Local

March 24, 2012

Sponsors: critical lifeline to newcomers

1st Lt. Ken Lustig
U.S. Air Force photo illustration by Senior Airman Jack Sanders
The Airman and Family Readiness Center offers a variety of handouts and information sources to help sponsors build sponsor packages for newcomers. A sponsor's job is to make a move as easy for newcomers as possible.

NELLIS AIR FORCE BASE, Nev. – Whether it is  the first move or just the latest of many, a move to a new base can be one of the most stressful parts of a military career, full of uncertainties affecting every aspect of life. That’s where unit sponsors come in.

The unit sponsor’s job is to assist newcomers with their move, serving as a direct representative of the unit, the installation, the local community and the commander. Sponsors provide a “bridge of information” to the new assignment so that newcomers have their needs met, transition smoothly and settle in quickly.

Unit commanders are responsible for assigning unit newcomers a formally-appointed and trained sponsor. Kris Heick, relocations subject matter expert at the Nellis Airman and Family Readiness Center, said a sponsor is crucial no matter the newcomer’s history.

“Each move, regardless of a person’s rank or family circumstance, has a different dynamic,” Heick said. “Even if you’ve moved several times, there’s always at least a little ‘tweak’ based on the location that makes it different.”

The sponsor’s job is to make the move as easy for the newcomer as possible. Sponsors’ responsibilities include supplying information on the local area, assisting with transportation and lodging arrangements (including daycare and pet care arrangements if needed), greeting them on arrival, showing them around the base and local area, and helping with settling in and in-processing the base.

The DoD has established a single point for sponsorship training, the eSponsorship Application Training program, or eSAT. Not only does eSAT provide clear instruction on the sponsor’s role and responsibilities, it also has many tools to simplify getting information to the newcomer.

According to eSAT, two-way communication is the most important part of being a sponsor.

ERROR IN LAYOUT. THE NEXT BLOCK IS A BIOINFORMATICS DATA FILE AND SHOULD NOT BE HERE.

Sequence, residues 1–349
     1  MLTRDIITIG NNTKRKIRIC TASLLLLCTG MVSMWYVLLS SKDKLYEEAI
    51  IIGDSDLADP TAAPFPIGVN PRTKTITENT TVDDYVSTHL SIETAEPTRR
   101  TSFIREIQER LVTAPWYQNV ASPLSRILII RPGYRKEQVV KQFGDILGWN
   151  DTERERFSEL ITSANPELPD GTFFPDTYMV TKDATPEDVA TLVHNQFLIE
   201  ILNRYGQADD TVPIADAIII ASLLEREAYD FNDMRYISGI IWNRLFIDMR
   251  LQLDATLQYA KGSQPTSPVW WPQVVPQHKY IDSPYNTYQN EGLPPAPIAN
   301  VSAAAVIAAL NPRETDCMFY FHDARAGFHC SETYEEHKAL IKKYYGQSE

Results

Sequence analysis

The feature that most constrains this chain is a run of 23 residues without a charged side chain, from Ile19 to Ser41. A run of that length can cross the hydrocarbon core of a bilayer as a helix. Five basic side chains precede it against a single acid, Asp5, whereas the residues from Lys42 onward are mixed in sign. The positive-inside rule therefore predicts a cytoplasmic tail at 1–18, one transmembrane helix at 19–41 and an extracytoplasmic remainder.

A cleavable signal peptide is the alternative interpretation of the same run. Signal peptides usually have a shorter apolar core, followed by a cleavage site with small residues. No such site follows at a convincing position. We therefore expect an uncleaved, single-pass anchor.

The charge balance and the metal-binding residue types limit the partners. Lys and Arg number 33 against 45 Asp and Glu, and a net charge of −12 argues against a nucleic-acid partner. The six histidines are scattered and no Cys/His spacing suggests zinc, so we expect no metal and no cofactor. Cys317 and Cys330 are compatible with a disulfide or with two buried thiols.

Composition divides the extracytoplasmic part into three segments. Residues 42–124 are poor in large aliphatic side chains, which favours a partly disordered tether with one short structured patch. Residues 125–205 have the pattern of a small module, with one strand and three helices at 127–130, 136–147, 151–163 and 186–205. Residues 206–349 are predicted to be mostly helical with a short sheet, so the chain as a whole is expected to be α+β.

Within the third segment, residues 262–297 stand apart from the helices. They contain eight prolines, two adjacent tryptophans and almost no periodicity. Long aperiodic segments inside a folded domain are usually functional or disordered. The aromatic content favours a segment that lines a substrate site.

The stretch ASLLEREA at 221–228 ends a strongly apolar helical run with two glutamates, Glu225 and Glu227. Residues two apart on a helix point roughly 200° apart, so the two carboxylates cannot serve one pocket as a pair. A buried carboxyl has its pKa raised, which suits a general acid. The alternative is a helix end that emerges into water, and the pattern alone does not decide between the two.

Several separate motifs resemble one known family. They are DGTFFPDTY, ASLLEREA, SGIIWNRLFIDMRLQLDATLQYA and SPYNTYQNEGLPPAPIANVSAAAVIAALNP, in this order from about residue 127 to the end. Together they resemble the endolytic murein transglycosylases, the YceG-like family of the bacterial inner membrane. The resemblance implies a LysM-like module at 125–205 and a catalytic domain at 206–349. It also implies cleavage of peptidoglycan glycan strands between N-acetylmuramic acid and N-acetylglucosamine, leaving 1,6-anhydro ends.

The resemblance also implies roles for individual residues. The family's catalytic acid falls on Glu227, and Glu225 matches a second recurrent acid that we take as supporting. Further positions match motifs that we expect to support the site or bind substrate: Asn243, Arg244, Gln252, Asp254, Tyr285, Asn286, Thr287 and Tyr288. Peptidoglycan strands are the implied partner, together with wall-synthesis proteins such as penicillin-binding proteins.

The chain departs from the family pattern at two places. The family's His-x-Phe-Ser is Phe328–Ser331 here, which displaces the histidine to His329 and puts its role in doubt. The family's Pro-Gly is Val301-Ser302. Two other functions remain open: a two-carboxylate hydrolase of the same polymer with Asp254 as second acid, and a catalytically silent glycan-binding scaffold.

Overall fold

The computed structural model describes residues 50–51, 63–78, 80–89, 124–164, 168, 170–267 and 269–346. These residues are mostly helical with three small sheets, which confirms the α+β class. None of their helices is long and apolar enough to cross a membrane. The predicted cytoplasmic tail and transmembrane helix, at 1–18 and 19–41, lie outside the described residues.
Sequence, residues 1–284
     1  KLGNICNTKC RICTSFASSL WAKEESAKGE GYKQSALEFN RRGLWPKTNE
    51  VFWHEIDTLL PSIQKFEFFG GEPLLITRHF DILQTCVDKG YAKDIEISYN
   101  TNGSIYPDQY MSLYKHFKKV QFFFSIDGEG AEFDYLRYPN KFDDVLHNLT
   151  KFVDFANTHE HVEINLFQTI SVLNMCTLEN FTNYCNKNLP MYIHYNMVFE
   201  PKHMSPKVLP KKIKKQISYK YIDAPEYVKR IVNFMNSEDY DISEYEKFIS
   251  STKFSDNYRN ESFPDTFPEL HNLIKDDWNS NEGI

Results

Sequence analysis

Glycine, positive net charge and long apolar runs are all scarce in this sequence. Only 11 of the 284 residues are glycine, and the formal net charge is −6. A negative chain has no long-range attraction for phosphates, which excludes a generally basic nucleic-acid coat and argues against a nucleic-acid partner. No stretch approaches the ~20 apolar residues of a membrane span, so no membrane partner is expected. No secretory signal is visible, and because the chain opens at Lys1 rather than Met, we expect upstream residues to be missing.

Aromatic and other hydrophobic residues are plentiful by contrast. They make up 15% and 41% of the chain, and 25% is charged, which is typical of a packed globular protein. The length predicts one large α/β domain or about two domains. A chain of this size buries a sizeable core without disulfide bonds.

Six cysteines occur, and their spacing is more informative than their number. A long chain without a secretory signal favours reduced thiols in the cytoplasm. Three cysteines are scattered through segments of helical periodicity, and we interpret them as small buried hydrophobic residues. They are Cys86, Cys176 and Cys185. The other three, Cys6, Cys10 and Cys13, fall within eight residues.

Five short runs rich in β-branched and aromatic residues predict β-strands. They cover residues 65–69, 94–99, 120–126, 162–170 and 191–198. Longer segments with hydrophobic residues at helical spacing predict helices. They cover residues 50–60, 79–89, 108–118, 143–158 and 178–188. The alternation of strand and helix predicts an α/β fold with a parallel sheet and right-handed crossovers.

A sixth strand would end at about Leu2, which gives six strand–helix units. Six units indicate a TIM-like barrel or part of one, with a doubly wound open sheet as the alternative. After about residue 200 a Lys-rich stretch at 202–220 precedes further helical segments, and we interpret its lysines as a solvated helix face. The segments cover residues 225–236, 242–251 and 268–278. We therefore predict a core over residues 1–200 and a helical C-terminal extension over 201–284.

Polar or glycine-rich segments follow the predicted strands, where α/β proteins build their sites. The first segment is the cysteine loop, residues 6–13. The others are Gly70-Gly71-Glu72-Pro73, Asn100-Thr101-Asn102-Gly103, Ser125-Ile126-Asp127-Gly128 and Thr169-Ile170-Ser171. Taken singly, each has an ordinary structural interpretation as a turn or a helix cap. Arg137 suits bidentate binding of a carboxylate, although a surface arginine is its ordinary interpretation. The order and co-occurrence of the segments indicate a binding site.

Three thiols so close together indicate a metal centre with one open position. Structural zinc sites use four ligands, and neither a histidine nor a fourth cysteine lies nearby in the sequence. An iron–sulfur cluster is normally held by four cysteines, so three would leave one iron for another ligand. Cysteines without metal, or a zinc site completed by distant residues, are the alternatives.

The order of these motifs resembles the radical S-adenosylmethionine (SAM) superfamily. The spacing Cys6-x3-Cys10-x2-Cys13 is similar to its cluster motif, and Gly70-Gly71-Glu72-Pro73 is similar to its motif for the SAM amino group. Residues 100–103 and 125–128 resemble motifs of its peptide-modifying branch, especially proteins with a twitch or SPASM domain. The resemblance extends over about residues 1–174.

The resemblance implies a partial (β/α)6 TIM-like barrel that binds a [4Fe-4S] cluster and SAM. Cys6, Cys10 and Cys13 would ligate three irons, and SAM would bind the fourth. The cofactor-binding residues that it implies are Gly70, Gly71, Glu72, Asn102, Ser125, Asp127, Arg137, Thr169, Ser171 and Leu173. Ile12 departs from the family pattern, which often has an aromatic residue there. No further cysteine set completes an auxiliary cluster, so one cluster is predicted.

Sponsors should begin working with the newcomer within five days of being assigned, then continue regular contact until the newcomer and any family members with them are settled.

This communication is essential to the newcomer’s resilience and adaptation. A poorly-sponsored newcomer arrives unprepared, frustrated by misinformation, may incur increased debt, and ultimately suffers needlessly. This has direct mission impact.

The Airman and Family Readiness Center is the focal point for sponsors to locate resources, offering everything from base guides and school data to information about special needs support and financial assistance. However, Heick said it is critical for sponsors to talk to their newcomer first about what they’ll need.

“Sometimes we have people come in asking for sponsor information and I’ve asked them to tell me about their newcomer, and their answer is something like, ‘well, he’s a Tech Sergeant,’” she said. “To me, this is a sponsor who hasn’t asked enough questions.”

Many factors, from career experience to family status, affect the newcomer’s interests and concerns. For this reason, the sponsor the unit assigns should have the same marriage status and career experience.

More information on sponsorship is available through the Airman and Family Readiness Center, at 702-652-3327 (Nellis) or 702-404-0864/0865/0867(Creech), including information on how to contact or request a sponsor. Sponsors can obtain comprehensive training and certification through the eSAT website, http://apps.mhf.dod.mil/esat.




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